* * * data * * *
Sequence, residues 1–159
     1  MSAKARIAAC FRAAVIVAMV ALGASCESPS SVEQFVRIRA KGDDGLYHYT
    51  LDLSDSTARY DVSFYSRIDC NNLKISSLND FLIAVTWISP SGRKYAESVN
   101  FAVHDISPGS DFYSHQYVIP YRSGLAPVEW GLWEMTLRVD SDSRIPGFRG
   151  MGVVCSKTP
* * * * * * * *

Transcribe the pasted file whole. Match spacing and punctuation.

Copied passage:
Sequence, residues 1–159
     1  MSAKARIAAC FRAAVIVAMV ALGASCESPS SVEQFVRIRA KGDDGLYHYT
    51  LDLSDSTARY DVSFYSRIDC NNLKISSLND FLIAVTWISP SGRKYAESVN
   101  FAVHDISPGS DFYSHQYVIP YRSGLAPVEW GLWEMTLRVD SDSRIPGFRG
   151  MGVVCSKTP